READ LATELY: Book Reviews

The One and Only Ivan by Katherine Applegate: An online friend of mine spoke highly of this book as a read for her book club (hi Jules!) so I thought I’d give it a read myself. Knowing it was YA and knowing it had just won the Newberry Medal, I ordered it. What I discovered is that The One and Only Ivan is this author’s soul-stirring fictionalization of a true story. There really WAS a gorilla named Ivan who was forced to live in a pen at a SHOPPING MALL (if you want to know more, as I did, here’s a good place to start). I recently read that the author had learned of Ivan years ago in a NYT article, clipped the article out and held on to it in her “idea file”. I’m so glad she did! Where Katherine Applegate excels with this book is in walking that fine line of childhood whimsy-meets-adult-wisdom with Ivan’s thoughts as he processes life in his cage (with his friends, Bob the dog; Stella the elephant; and, eventually, little Ruby, the elephant who inspires him to change his life). This is one of those stories that, whether you have a child to read it to/with or not, it’ll tug at your heart strings. Well worth the time and investment.

Passages I Want to Remember: My life is flashing lights and pointing fingers and uninvited visitors. Inches away, humans flatten their little hands against the wall of glass that separates us. The glass says you are this and we are that and that is how it will always be. // Many days I forget what I am supposed to be. Am I a human? Am I a gorilla? Humans have so many words, more than they truly need. Still, they have no name for what I am.

Would I Recommend? If you are someone who loves a good story — no matter what shelf that story may be on in the bookstore — then yes. If you struggle with themes of animal cruelty, you may be overly saddened by this one, but, overall, it’s such a wonderful message that, in the end, I’m hopeful that won’t turn you away!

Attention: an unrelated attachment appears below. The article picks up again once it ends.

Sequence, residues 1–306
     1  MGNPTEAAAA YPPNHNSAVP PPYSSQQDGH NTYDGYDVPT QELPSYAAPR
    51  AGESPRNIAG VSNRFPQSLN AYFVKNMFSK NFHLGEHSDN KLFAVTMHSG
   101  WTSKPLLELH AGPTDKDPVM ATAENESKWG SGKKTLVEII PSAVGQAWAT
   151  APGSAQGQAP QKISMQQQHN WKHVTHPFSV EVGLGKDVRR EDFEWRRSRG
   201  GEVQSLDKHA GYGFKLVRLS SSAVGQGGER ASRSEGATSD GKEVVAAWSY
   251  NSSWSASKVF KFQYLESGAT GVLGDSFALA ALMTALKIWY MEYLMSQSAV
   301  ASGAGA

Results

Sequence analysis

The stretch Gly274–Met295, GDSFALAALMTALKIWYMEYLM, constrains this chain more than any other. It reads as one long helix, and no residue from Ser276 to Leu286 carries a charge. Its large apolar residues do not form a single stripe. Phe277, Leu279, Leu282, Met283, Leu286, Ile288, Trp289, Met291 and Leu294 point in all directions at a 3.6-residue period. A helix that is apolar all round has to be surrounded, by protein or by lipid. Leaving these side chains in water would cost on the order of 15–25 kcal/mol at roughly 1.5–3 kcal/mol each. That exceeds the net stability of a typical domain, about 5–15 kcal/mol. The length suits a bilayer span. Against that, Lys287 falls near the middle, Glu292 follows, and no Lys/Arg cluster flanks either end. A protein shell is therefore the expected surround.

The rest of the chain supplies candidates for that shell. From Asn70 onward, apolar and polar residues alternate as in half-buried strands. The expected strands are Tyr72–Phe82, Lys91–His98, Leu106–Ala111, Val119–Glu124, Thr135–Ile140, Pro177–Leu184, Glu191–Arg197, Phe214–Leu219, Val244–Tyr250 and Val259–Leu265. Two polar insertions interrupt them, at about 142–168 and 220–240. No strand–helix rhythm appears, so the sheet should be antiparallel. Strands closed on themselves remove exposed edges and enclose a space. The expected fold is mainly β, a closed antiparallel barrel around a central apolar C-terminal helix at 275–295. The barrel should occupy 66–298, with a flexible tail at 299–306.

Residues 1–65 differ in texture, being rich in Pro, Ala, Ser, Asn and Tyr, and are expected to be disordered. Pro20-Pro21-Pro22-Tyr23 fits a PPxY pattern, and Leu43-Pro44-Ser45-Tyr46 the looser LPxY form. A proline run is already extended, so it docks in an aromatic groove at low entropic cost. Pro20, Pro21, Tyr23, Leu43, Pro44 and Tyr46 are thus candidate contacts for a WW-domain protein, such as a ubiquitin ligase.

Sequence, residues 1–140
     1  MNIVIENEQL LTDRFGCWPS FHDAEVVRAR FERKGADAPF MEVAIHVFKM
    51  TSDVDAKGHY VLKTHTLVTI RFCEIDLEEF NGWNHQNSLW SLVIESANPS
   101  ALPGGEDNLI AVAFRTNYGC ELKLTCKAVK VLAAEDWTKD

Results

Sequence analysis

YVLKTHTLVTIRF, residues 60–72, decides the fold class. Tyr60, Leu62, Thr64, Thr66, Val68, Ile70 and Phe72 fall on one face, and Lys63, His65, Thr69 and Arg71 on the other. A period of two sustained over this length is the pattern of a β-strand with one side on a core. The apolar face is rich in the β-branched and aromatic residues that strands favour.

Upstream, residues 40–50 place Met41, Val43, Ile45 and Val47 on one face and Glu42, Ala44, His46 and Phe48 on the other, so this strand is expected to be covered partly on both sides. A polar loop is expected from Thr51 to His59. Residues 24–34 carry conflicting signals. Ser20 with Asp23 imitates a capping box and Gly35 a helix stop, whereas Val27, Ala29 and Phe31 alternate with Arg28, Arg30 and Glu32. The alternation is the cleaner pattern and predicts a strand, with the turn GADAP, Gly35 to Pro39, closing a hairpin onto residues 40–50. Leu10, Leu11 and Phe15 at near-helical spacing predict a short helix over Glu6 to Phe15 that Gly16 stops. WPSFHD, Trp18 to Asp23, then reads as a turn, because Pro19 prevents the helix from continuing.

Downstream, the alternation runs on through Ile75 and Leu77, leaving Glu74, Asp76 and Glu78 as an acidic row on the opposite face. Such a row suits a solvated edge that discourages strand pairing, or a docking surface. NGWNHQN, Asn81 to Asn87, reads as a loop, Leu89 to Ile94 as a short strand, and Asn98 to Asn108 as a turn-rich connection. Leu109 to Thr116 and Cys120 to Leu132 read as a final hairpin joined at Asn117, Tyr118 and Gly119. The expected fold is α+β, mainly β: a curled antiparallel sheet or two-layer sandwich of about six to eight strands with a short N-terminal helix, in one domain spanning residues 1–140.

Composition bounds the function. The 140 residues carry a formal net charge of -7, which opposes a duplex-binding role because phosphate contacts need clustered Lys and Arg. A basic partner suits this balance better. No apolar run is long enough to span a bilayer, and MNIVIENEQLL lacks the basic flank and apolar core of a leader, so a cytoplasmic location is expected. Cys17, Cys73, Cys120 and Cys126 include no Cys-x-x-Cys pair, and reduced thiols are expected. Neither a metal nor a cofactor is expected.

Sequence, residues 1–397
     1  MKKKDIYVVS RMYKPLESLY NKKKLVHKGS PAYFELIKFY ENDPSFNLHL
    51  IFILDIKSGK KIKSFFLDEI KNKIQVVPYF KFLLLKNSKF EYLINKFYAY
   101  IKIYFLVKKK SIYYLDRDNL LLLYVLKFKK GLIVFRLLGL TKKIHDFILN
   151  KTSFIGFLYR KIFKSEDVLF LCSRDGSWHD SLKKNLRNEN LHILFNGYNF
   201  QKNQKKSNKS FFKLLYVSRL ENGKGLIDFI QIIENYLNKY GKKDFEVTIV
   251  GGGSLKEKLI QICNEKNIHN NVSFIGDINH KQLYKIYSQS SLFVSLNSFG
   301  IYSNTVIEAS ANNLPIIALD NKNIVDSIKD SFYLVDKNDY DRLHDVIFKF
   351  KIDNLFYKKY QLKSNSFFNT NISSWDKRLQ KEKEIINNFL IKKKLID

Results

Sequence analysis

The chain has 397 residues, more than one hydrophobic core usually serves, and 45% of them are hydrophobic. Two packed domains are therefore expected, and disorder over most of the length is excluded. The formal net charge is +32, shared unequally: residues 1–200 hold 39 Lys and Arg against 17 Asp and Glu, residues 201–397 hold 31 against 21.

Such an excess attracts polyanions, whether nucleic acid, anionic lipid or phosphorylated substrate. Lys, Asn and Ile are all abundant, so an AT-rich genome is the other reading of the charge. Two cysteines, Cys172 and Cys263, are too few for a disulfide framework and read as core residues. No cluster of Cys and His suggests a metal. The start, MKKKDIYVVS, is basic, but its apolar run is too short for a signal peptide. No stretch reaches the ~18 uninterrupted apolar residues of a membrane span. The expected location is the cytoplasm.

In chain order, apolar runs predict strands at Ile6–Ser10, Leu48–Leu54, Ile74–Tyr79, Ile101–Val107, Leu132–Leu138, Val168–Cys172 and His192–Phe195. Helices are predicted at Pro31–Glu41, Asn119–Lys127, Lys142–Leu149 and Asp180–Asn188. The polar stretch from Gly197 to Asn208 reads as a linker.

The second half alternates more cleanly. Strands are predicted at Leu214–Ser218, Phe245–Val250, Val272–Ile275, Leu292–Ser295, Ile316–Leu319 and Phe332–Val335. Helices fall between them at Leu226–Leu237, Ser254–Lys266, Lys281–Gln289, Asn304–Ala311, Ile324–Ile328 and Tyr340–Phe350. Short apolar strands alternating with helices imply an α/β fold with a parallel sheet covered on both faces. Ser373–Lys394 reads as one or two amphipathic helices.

We Are All Completely Beside Ourselves by Karen Joy Fowler: I had read some of Fowler before (I enjoyed her Jane Austen Book Club years ago) and I was encouraged about reading this one after spotting so many “I can’t put this book down” reviews on Amazon and GoodReads. The verdict for me? Well, let’s just say I COULD put it down. And did, many nights before I drifted off to sleep. It’s not that this book was BAD (far from it), I just found myself losing interest in the plot at times (which took off in a million directions). At its core, WAACB is about a young girl named Rosemary, her siblings (sister, Fern and brother, Lowell) and the complications of what stands for a sibling bond when animals (particularly a they relate to animal rights and cruelty) are involved. To say more might reveal a bit of a plot twist for future readers … Fowler is certainly a great writer, but the biggest weakness I had with this title of hers was her distracting use of detail. As several of us in the book club noted, there were SO many details (about Bloomington, Ind. (where Rosemary’s father was a professor); UC Davis (where Rosemary would attend college) and on the topics of psychological studies and theories) that many of us felt the story itself got a bit bogged down in all of that research (or, as one noted, “I got to wondering,’ Did this whole thing REALLY happen?’ The answer? No, it did not). A solid read, overall, just not one that blew me away is all.